Maria del Carmen Venegas was on her way to deliver a baby boy, her fifth child, by Caesarean section in a planned operation Wednesday afternoon. Her husband, Joel Arrona-Lara, was driving her car to the hospital.

Two SUVs swooped in to block the vehicle at a San Bernardino, California, gas station. They belonged to Immigration and Customs Enforcement, and the agents asked for Venegas’ identification, she later told CBS Los Angeles. She complied. The agents also asked for Arrona’s identification.

The couple was in a hurry when they left, and his ID was at home, Venegas told Univision affiliate KMEX. The agents searched the car and led Arrona away in handcuffs, leaving his wife stranded and frantic.

ICE officials have released details about Arrona’s arrest. He is wanted in Mexico under a warrant issued for homicide charges, ICE spokeswoman Lori Haley said, which brought the attention of agents. Details about the homicide charges were not immediately available.

Venegas drove herself to the hospital and delivered her baby, she told local media.

Arrona is a Mexican national illegally living in the country and has been detained pending removal proceedings, Haley told The Washington Post.

“ICE continues to focus its enforcement resources on individuals who pose a threat to national security, public safety and border security. ICE conducts targeted immigration enforcement in compliance with federal law and agency policy,” Haley said.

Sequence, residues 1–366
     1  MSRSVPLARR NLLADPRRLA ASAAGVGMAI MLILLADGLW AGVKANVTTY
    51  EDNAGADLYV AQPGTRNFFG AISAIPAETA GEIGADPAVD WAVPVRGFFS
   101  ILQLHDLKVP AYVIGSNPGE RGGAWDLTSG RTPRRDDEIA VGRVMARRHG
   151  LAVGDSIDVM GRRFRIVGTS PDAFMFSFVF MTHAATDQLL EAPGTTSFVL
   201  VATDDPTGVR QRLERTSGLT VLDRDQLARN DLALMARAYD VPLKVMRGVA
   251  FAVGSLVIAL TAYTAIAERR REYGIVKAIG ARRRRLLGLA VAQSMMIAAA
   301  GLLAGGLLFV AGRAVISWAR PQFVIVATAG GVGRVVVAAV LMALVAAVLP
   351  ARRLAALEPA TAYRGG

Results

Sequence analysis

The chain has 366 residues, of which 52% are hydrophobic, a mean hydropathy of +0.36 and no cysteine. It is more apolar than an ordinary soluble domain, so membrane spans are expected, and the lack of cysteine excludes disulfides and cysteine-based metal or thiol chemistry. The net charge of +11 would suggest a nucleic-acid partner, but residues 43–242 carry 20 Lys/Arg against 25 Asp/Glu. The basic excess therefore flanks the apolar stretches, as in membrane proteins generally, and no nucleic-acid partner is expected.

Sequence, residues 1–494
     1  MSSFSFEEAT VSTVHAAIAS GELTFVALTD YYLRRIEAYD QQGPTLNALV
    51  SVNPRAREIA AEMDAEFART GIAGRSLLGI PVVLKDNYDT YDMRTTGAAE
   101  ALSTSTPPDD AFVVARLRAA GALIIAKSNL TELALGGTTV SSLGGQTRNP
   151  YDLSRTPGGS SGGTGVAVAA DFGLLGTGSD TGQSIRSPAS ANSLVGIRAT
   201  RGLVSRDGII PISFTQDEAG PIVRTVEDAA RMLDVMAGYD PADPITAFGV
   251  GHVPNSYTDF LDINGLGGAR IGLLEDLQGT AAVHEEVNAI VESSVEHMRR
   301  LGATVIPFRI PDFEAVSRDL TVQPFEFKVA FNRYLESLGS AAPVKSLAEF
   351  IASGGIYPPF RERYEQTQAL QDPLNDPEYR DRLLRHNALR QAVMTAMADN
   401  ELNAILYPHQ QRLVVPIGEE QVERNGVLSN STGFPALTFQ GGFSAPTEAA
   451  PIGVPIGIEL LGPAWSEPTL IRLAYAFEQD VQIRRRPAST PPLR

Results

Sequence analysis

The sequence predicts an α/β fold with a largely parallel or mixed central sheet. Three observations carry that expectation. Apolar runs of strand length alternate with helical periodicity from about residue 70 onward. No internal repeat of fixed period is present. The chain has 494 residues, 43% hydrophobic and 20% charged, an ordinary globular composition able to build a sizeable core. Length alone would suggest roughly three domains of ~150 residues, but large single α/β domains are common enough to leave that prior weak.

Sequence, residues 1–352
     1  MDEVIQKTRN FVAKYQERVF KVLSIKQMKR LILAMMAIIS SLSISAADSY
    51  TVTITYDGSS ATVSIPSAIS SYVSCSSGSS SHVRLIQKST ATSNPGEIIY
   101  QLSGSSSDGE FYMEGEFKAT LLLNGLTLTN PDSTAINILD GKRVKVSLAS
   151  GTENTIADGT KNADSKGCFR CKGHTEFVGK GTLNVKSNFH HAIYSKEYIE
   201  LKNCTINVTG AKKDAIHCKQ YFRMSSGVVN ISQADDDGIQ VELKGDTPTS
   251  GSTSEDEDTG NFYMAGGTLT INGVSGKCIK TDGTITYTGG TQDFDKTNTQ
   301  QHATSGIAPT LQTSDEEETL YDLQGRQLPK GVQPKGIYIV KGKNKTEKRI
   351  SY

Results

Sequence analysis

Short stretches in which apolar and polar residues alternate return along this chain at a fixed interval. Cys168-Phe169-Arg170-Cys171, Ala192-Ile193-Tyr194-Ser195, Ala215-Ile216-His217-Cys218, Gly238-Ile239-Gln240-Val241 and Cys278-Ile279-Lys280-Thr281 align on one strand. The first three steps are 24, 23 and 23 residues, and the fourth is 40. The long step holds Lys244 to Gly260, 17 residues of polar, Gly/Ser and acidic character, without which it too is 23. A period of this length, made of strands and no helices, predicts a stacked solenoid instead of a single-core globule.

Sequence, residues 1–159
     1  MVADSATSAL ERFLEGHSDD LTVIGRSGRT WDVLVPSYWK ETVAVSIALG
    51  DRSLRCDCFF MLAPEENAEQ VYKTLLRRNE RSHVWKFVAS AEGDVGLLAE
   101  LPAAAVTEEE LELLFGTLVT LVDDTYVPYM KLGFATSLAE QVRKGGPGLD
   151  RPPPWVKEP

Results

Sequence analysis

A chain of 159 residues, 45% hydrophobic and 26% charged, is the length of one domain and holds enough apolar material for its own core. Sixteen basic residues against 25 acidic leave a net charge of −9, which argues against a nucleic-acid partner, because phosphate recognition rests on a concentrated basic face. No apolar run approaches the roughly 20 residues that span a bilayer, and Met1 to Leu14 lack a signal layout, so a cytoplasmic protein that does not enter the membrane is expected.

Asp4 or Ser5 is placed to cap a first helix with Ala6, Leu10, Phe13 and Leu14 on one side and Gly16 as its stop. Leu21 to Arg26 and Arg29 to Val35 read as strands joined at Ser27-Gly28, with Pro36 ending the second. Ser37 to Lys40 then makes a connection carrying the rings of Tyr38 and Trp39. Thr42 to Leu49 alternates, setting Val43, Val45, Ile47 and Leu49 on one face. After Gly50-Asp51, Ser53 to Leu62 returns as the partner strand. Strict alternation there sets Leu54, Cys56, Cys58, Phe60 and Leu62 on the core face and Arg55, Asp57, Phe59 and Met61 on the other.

Arrona’s legal representative, Emilio Amaya García, told The Post he believed Arrona was not suspected of crimes within the United States, but did not say if he was suspected of crimes elsewhere.

Garcia said Venegas remains in the hospital.

Haley declined to say whether the arresting agents considered delaying Arrona’s arrest until after the birth or could have escorted Venegas to the hospital. She also declined to provide any regulations either allowing or prohibiting such agent-level decisions.

ICE has ramped up arrests under the Trump administration following executive orders that directed the agency to pursue any undocumented alien in the country. Given budget and resource constraints, ICE had previously used what it called “prosecutorial discretion” to bypass nonviolent offenders in favor of criminals and recent migrants.

That has changed since President Trump took office.

“If you’re in this country illegally, and you committed a crime by entering this country, you should be uncomfortable, then-ICE director Thomas D. Homan told lawmakers in June 2017. “You should look over your shoulder.”

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